When Chinese Tourists Don’t Get the Facelifts They’re Looking For

April 16, 2015 Updated: April 21, 2015    

Chinese people have been going to South Korea in increasing numbers for plastic surgery and facelifts in recent years, but thousands are finding that they may have been better off not going at all.

Highlighting the controversial trend is the recent case of a 15-year-old girl from Henan Province. Posting photos showing the results of her makeover on Sina Weibo, a popular Chinese microblogging service, the teenager was bombarded with critical and sarcastic comments about her excessive cosmetic surgeries.

Common points of discussion and mockery focused on the mask-like appearance of her heavily-altered eyelids, snow-white skin, and drastically reduced chin, as well as her overly-augmented bust.

Under the username of “Li Enxi Danae,” the girl, whose Weibo account is full of selfies showing off her new look and luxury goods, struck back by flaunting her wealth.

“How much of the world did you see when you were 15? Did you receive 500,000 yuan [about $80,000] in pocket money every month? If not, you are in no position to criticize me. You can’t catch up in society these days if you fail at the starting line. Got it?”

Prior to surgery (Screenshot/Sina Weibo)
15-year-old “Li Enxi Danae” prior to surgery (Screenshot/Sina Weibo)

 

"Li Enxi Danae" after surgery (Screenshot/Sina Weibo)
“Li Enxi Danae” after surgery (Screenshot/Sina Weibo)

The Chinese Association of Plastics and Aesthetics, which operates under the state health bureau, recently published statistics showing that 56,000 Chinese traveled to South Korea for cosmetic surgery in 2014. State-run media Xinhua reported that the numbers ballooned in the summertime, when students took vacations. Three-quarters are women and girls.

South Korea’s popular cosmetic surgery industry has made it known as the “plastic surgery capital” in Chinese society. According to the Korean National Tax Service, the number of Chinese tourists going to Korea for plastic surgeries has increased more than twentyfold in the past four years.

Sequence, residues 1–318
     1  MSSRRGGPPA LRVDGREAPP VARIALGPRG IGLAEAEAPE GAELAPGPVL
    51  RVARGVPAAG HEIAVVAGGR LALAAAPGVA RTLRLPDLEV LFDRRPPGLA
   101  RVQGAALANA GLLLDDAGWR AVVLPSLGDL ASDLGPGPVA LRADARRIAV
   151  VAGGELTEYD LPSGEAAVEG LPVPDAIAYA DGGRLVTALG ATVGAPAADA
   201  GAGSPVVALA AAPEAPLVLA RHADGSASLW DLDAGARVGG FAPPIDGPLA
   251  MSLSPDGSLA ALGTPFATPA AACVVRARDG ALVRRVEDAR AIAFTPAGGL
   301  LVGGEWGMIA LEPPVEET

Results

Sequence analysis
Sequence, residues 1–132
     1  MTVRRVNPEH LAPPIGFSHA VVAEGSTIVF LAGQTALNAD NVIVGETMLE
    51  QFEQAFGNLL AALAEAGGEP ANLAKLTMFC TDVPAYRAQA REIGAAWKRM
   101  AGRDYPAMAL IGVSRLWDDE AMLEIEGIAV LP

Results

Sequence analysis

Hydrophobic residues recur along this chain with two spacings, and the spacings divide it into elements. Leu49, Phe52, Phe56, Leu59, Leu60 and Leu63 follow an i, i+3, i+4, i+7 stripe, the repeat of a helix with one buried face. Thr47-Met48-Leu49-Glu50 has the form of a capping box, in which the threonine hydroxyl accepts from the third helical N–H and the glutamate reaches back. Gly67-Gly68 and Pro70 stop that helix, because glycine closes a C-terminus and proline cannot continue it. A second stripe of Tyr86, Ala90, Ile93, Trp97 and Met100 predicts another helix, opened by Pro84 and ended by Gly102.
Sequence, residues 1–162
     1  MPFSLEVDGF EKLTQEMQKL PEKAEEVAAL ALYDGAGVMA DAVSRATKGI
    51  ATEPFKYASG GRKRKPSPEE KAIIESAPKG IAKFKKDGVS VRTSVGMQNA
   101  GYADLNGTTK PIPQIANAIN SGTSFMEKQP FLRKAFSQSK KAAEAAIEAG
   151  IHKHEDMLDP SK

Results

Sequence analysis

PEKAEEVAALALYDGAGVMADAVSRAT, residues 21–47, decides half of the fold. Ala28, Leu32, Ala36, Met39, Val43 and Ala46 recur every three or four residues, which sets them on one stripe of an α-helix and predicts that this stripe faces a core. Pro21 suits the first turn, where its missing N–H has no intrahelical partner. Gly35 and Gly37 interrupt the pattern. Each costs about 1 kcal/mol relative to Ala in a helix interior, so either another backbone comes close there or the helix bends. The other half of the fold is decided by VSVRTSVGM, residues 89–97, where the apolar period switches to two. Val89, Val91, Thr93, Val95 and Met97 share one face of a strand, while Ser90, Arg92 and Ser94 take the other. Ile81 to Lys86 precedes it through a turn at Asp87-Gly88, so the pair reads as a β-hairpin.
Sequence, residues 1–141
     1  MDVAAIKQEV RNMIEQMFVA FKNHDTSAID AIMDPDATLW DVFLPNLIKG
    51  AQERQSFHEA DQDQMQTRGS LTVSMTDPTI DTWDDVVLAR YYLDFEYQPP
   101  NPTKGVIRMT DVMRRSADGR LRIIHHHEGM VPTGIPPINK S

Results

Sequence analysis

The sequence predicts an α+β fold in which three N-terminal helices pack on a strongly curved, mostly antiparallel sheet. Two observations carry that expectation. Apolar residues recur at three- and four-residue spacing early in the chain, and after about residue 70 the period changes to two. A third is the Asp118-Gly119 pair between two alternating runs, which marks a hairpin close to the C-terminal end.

A survey, carried out by Xinhua, of Chinese university students in the cities of Beijing, Tianjin, and Nanjing showed that 16 percent intended to receive cosmetic surgery. Meanwhile, in a survey by state-run Chinese Central Television (CCTV), 60 percent of respondents agreed that the rise in plastic surgery can be attributed to increasing numbers of people relying on superficial judgements of physical appearance.

Other respondents to the CCTV survey (38 percent) felt that getting plastic surgery could strengthen one’s social credentials, and 22 percent agreed that cosmetic surgery is done in hopes of finding a partner.

Popular surgery jobs sought after by Chinese clients include double eyelids, cutting the corner of the eyes to make them look bigger, heightening the nose, sharpening the jaw, and breast enlargement.  

But when done improperly, plastic surgery is difficult if not impossible to fix, said Zhang Bin, who heads the Chinese Association of Plastics and Aesthetics, in an interview with China Youth Daily. According to the China Consumers Association, nearly 200,000 Chinese were disfigured by botched cosmetic surgeries in the last 10 years.

At a conference hosted by the association this March, it was reported that complaints from Chinese surgery tourists traveling to Korea are increasing between 10 and 15 percent per year. Owing to high intermediary fees paid to agencies that facilitate surgery tourism, Chinese patients in Korea pay two to three times what Koreans are charged. Despite the higher costs, many Korean hospitals and surgeons are not qualified to perform certain operations, leading to increased rates of failure.

Chinese media Sohu News reported that 30,000 people suffering from failed cosmetic surgeries performed in South Korea have gathered online to defend their rights. No lawsuit attempt has been successful, however. In many cases, the Chinese clients were deceived by way of the language barrier into signing disclaimer agreements with the Korean hospitals.  

On Jan. 27, CCTV reported that a 50-year-old Chinese woman suffered cardiac arrest and brain death while receiving a plastic surgery operation in South Korea.

According the Hong Kong-based Phoenix magazine, a female Chinese white-collar worker in Shanghai had her career ruined after a botched facelift done in Seoul last year left her mouth crooked. She returned to Seoul four times and spent 400,000 yuan of her savings in unsuccessful hopes of fixing her face. In desperation, the woman has refused to see her friends and relatives, and even composed wills to her parents.